Other areas where we take our stand are on buying fair-trade tea, coffee and cocoa, we can’t buy fairtrade everything but we can afford this, so we had thought that tea and coffee were out of the question this week but Sainsbury’s do quite a lot of fairtrade value items – their value tea is fairtrade and only costs 27p for a packet of 80 bags so we could afford this. If you are interested they do great value instant hot chocolate and their value ground coffee isn’t bad (and all fair trade) – but all too expensive for this week!

We also like to buy free-range eggs – preferable from the garden of one of our good friends. This week we opted for Sainsbury’s value eggs which get a Freedom Food box of 18 eggs for £2.10 and will probably use about 8-10 eggs (Blogger Jax Blunt probably rightly criticises this approach of buying in larger amounts and breaking down the unit price as unrealistic – but we decided to do it based on what we used each day rather than actually spend £25 cash – partly i just couldn’t bear the though of buying/chucking out stuff unnecessarily – but the eggs were just to reduce the unit price). We are unsure looking at the info whether free-range or Freedom Food would be the better label on the eggs tbh. they are definitely better bought from friends gardens!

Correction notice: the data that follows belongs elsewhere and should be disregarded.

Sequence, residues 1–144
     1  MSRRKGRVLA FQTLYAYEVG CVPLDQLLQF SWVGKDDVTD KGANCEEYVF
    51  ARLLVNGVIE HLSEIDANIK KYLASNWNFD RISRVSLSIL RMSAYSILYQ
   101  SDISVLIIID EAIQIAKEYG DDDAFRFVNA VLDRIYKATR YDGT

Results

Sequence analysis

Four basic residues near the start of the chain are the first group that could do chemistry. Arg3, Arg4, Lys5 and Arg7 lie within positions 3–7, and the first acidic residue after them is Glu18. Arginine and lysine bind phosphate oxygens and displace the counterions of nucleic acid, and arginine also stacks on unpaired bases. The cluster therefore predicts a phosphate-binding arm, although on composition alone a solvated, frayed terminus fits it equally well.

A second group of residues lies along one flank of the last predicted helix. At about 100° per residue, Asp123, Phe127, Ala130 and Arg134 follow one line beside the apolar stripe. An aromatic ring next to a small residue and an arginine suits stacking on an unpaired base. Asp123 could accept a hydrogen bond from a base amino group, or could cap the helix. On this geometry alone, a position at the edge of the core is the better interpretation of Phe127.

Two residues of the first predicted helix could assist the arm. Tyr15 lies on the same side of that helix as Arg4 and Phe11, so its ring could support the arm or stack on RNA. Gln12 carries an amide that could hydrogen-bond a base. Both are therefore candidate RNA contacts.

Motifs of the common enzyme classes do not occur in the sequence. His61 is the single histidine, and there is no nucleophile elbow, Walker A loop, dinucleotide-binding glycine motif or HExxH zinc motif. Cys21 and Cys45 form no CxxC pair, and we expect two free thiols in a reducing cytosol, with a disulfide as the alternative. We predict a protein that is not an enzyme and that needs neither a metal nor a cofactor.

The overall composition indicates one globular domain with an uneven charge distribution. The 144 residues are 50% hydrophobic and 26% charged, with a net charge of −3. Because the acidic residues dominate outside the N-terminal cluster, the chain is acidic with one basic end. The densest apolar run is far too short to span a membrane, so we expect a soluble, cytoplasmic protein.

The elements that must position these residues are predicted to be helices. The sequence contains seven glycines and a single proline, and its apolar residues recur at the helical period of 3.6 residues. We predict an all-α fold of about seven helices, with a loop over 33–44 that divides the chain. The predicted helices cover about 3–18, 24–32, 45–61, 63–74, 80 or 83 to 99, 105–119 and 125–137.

The cheapest sugar I could find was fairtrade so no ethical dilemma there!

During Lent a few years ago we gave up eating meat – except on Sundays which are not part of Lent. On Sundays we ate better quality meet – we used local beef (the cheapest cut and slow cooked it in stews – it was lovely) from Mottistone Manor Farm, we also wanted chicken but the local chicken was just too expensive and so we went for either the Lidl organic chicken or the Co-op Elmwood chicken (I’m not saying these are the best options but they were better options than we had been eating). After this we have never gone back to eating as much meat and we have tended to eat better meat (not always I still sometimes buy Lidl cheapest mince).

So our last meal before starting this £1 a day lark was a meatloaf using the Mottistone Manor beef – cows I can watch out on the downs before we eat them – well looked after and local meat. On the first day we had value sausages – you really couldn’t get much further apart. The sausages fell apart into a mush and no-one liked it at all. Three of us would probably have just been veggie all week and mostly lived on variations of baked beans but two of our family would probably have had no protein all week as they tend to get most of it from meat, fish, cheese, milk, soya milk etc. and we are only eating a very very small amount of milk.

We do have the odd sausage casserole but we tend to make it with Sainsbury’s Freedom Food Chipolatas (they work out between £2-£2.50 – depending on offers) and each pack will make 2 meals so it’s not loads more but still at least double what we spent.